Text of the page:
UK dividends to top £93bn in 2021

UK dividends soared to £34.9 billion in the third quarter of 2021, up 89.2% year-on-year on a headline basis, boosted the mining boom and very large one-off special dividends, according to the latest UK Dividend Monitor from Link Group.

Even the underlying total — which excludes special dividends — jumped 52.6% to £27.7 billion.

“Q3 2021 is set against a pandemic-struck Q3 2020, during which payouts halved,” said the Link Group report.

“The large rebound in the latest quarter is still not enough to restore dividends to full strength, taking the headline total only a little higher than the level last seen in 2018.

“Most sectors have paid less year-to-date than they did in 2019.”

For the full year, Link Group now expects headline dividends of £93.2 billion, an increase of 44.8% year-on-year. Underlying dividends are set to rise 22.4% to £77.4 billion.

“This unprecedented boom in mining dividends, which quadrupled year-on-year to £12.8bn, meant the sector’s Q3 payouts outgunned the next five biggest sectors combined,” said the report.

“For the full year, miners will be responsible for nearly £1 in every £4 distributed by UK-listed companies.

“A very sharp rebound in oil prices is also enabling oil payouts to recover more quickly than expected.

“Banking dividends made a very large contribution to growth in Q3 too.

“They were banned this time last year, so their restoration is making a big splash, even though payouts remain well below pre-pandemic levels.

“There was, however, strength across almost all sectors, but those in the consumer discretionary group saw a wide divergence between companies restoring dividends and those still unable to pay – for example, most travel and hospitality companies paid nothing, while some general retailers and industrials bounced back and others stayed on the side-lines.”

Ian Stokes, Managing Director, Corporate Markets UK and Europe at Link Group, wrote: “Forecasting the rebound for UK payouts has been rather more difficult than working out where the cuts would fall last year.

“The recovery is certainly uneven and it has caused a growing concentration on extractive industry payouts – not a comfortable long-term position for income investors.

“The good news is that we have consistently seen companies deliver more in dividends than we thought likely at the beginning of the year in the depths of the UK’s longest, strictest lockdown.

“Now almost the whole economy here and in most developed countries is open for business, even if supply chains are in a mess.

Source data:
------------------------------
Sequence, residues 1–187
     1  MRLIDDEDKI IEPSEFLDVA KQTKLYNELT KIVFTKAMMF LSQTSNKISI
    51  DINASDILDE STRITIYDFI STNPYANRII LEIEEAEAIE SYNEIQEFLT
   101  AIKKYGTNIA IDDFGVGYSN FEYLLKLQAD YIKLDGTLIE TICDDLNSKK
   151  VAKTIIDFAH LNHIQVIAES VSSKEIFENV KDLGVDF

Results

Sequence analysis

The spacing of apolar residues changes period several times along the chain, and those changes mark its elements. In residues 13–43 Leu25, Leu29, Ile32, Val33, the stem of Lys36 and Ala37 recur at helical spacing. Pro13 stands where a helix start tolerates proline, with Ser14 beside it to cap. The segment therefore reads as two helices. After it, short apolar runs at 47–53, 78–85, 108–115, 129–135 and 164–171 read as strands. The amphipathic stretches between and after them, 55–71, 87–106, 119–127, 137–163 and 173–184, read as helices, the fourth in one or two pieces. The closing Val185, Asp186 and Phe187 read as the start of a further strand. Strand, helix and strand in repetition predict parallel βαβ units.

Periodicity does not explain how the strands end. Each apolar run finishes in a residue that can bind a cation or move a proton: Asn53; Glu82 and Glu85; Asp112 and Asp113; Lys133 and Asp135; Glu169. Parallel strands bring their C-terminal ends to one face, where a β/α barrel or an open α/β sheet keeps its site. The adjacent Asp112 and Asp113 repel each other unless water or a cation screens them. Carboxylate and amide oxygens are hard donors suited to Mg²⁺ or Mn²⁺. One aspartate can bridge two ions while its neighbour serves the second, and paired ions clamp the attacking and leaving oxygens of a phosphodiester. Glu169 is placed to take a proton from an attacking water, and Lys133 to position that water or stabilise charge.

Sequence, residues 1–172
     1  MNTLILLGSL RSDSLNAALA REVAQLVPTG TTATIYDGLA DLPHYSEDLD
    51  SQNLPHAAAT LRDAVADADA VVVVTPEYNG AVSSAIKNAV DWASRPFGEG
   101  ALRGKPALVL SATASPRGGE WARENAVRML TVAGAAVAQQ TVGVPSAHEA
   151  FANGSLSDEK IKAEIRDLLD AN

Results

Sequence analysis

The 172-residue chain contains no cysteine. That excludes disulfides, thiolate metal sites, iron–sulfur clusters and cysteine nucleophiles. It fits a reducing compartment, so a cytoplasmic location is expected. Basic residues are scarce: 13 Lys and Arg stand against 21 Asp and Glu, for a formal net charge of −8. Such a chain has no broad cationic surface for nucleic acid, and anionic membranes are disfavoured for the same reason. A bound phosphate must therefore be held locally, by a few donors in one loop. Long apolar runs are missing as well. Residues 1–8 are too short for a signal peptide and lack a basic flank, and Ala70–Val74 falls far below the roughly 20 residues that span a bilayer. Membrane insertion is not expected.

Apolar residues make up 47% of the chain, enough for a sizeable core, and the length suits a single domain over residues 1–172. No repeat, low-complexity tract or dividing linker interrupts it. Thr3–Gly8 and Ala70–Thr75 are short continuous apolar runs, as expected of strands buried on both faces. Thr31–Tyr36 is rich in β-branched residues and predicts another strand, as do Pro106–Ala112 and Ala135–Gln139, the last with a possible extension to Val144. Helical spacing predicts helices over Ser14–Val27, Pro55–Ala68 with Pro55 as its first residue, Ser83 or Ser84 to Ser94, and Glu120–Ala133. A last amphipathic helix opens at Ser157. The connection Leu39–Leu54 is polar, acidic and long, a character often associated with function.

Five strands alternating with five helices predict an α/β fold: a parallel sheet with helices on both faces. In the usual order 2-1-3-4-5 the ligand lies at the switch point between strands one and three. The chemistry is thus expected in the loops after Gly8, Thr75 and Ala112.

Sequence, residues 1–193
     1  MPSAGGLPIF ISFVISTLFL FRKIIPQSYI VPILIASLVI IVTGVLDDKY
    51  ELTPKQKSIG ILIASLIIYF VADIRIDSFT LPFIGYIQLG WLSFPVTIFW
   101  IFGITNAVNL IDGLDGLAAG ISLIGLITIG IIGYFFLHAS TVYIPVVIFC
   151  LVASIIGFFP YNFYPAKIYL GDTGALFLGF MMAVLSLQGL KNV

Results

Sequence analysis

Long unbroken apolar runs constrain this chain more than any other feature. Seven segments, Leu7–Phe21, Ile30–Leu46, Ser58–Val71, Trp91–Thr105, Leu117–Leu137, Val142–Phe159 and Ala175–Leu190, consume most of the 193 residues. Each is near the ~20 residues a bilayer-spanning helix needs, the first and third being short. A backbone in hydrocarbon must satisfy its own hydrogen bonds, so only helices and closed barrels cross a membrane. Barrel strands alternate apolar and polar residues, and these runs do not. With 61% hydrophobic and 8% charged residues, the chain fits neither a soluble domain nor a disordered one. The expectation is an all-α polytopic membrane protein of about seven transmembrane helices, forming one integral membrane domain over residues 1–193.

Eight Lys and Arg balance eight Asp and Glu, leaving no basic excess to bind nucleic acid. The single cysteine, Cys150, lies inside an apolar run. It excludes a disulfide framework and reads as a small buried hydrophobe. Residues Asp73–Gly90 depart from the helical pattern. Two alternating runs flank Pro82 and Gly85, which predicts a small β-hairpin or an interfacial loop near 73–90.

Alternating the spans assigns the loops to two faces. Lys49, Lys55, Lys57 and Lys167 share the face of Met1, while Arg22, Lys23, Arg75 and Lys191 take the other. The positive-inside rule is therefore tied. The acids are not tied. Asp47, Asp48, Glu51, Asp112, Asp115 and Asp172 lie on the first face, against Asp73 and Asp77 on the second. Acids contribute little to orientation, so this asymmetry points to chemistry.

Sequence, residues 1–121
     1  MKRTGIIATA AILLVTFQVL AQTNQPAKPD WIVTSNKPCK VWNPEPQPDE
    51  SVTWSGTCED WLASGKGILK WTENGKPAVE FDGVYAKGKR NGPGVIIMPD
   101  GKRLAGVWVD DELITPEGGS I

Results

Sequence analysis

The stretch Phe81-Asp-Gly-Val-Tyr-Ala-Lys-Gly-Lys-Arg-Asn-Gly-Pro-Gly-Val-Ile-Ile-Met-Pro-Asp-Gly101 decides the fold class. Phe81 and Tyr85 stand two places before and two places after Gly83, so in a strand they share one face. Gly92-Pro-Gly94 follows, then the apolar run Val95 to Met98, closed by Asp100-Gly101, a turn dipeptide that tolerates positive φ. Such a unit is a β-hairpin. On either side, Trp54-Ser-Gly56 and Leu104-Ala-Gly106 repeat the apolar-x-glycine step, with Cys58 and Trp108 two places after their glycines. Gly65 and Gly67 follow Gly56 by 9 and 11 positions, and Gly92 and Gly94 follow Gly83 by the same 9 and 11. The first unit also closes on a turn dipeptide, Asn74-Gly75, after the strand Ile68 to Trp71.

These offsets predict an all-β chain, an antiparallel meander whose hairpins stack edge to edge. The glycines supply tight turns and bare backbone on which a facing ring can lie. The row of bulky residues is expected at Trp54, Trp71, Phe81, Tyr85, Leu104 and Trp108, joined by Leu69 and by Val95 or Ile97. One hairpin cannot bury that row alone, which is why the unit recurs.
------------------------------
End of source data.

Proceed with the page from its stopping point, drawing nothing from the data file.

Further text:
“Moreover, companies were progressively less impacted by each lockdown and many of them took action to bolster their balance sheets during 2020, either with new borrowing, new equity issuance, or cost-cutting (including dividends!).

“Dividend firepower is now much stronger as a result.

“The boom in special dividends reflects how some companies are making catch-up payments, some are capitalising on very strong demand, and others are seizing the moment to sell assets at a time of high prices and numerous cash-rich potential buyers.

“The mining sector raises an amber warning, however.

“Commodity prices have come down sharply recently which makes it likely their dividends will be lower next year.

“With banks returning to strength and other sectors continuing to recover we still expect growth in 2022, but dividends will face headwinds rather than enjoy 2021’s strong, but blustery following breeze.”

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Mark McSherry
Dalriada Media LLC sites are edited by veteran news journalist Mark McSherry, a former staff editor and reporter with Reuters, Bloomberg and major newspapers including the South China Morning Post, London's Sunday Times and The Scotsman. McSherry's journalism has also appeared in The Washington Post, The Guardian, The Independent, The New York Times, London's Evening Standard and Forbes. McSherry is also a professor of journalism and communication arts in universities and colleges in New York City. Scottish-born McSherry has an MBA from the University of Edinburgh and a Certificate in Global Affairs from New York University.